The turnout for a public demonstration against the Corona measures in Auckland, New Zealand, which has been in strict lockdown for two weeks after one infection was discovered, was remarkable last week. Only one person appeared.
This lone protester can symbolize the support Prime Minister Jacinda Ardern still has among the people of New Zealand for her “zero Covid” policy. Within eight hours of announcing the first infection with the virus outside a quarantine hotel in New Zealand since February, the entire country was on lockdown. The strict policy has raised eyebrows around the world – British newspapers have ridiculed the lockdown over a single infection. But in our country it is not so bad with criticism.
The number of injuries is now more than five hundred. On Sunday, there was a daily record for this outbreak with 83 new cases. So all of the country’s five million residents will remain in confinement for at least another week. Auckland, the largest city, will remain under a strict regime for at least two weeks.
New Zealanders are only allowed to leave their homes to go to the hospital or supermarket. Contact with other families is prohibited. “Everyone should act as if they have Covid,” Ardern said at a news conference on Sunday. It does not rule out an extension of the procedures.
A team of five million
A recent opinion poll showed that a large majority of the population supports the prime minister’s plans. The country is remarkably united, thanks in part to Ardern’s charismatic effective communication. Since the beginning of the Corona crisis, I have always stressed the importance of a joint effort. Its motto is “The Five Million Team”. Everyone is required to suppress the epidemic.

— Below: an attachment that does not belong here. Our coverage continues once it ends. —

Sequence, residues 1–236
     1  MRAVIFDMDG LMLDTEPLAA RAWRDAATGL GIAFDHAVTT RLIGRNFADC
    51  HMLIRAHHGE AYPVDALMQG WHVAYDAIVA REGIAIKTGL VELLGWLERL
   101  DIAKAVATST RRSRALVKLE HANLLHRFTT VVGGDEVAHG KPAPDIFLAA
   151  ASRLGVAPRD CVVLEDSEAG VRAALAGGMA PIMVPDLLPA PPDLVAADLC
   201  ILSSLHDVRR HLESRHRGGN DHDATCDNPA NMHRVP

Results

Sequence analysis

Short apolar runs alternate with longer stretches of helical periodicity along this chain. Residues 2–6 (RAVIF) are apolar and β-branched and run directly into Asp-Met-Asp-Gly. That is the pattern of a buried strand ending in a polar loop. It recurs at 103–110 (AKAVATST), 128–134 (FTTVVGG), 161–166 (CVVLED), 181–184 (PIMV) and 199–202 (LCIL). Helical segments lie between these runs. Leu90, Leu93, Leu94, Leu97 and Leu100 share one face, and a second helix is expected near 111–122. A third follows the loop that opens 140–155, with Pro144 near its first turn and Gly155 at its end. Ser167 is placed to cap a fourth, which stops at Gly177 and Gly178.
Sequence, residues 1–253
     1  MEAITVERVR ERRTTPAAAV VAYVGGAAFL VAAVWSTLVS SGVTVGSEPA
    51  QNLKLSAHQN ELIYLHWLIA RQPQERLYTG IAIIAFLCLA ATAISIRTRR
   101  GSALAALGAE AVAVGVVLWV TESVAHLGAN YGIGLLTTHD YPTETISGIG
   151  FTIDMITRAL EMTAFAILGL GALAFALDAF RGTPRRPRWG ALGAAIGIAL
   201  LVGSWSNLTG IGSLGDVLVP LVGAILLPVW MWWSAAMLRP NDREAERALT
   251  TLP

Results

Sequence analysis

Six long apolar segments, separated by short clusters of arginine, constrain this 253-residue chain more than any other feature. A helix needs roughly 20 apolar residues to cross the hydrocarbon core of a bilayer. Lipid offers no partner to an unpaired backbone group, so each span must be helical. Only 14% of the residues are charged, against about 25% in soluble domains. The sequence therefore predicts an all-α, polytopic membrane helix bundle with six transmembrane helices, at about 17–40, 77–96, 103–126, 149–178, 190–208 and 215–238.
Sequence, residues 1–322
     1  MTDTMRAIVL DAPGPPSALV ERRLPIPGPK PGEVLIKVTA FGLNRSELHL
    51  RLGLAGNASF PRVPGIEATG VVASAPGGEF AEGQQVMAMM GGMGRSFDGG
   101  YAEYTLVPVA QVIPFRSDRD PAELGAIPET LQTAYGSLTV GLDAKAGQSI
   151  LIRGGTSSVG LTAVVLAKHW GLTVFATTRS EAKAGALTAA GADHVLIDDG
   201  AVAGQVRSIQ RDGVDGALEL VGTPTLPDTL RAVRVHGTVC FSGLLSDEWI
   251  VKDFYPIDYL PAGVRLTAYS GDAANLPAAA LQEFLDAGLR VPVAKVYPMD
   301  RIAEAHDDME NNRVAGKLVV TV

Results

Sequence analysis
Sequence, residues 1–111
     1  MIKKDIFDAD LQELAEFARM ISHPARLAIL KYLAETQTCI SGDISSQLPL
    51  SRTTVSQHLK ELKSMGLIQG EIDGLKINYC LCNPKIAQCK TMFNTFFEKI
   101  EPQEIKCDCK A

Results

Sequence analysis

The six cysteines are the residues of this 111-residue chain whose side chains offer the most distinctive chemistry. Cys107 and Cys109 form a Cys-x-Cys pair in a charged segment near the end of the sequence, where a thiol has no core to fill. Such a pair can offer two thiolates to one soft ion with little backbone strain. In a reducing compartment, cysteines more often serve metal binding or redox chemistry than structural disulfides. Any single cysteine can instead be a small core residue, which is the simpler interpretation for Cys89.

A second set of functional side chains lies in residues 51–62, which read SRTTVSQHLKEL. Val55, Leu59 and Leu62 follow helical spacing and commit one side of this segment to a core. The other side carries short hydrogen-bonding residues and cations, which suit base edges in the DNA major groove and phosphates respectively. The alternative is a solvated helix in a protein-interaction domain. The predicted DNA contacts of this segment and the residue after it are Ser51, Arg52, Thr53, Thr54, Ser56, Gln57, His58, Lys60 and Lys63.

Thanks to the ‘zero Covid’ policy, New Zealanders were able to live without corona even two weeks ago – albeit in a closed country. Only 3,100 infections and 26 deaths have been recorded in Corona since the beginning of the epidemic.
Criticism of Ardern’s policy does not come from the opposition, especially over the low vaccination rate of 21 percent. More than a million kiwis got two shots. New Zealand lags behind other western countries. It is thus the last among all the OECD countries, i.e. 38 prosperous democracies.
Surprisingly, there has been criticism from the Australian government, even though it, like New Zealand, has pursued a ‘zero Covid’ policy since the start of the pandemic. However, Prime Minister Scott Morrison recently criticized Ardern. He said the coronavirus eradication policy is “absurd” and that New Zealand “can’t stay in a cave forever to escape the delta type of virus.” The pass may be related to Morrison’s efforts to steer Australia towards accepting the existence of Corona. He wants to reopen the country once 70 or 80 percent of the population is vaccinated.
I read here An overview of Ardern and its Covid-19 policy
Prime Minister Ardern does not pay much attention to criticism. “We can’t stay in custody forever, but we’re not planning on that,” she said. “We are deciding how to deal with this crisis.” Meanwhile, Morrison’s criticism increased support for Ardern in New Zealand. Commentator Andrew Gunn wrote on a news site: “Thank you for bringing us closer, ScoMo!” things. Morrison’s comment provides more incentive to fight Covid together.”
Ardern recognizes the Delta variant as a “game changer”. This type of Covid is so contagious that, according to local virologists, it must be fought as an entirely new virus. Procedures that worked a year ago now work less well.
If New Zealand wants to open its borders in early 2022, as Ardern recently announced, that country will also have to learn to live with Corona. But this would be a difficult transition for many New Zealanders who used to live in “Fort New Zealand”.
Ardern also wants to eventually move away from lockdowns, but says this can only happen after the majority of the population is vaccinated — possibly by the end of the year, she estimates. The higher the vaccination rate, the closer we are to a policy change. New Zealanders are listening. Since the new outbreak, the desire to vaccinate has been so high that it is questionable whether the supply can keep up with parenteral hunger. Since August 17, when the new outbreak became known, 14 percent of the 21 percent of people now vaccinated have been vaccinated.
Read this report also About Zero Covid policy in neighboring Australia
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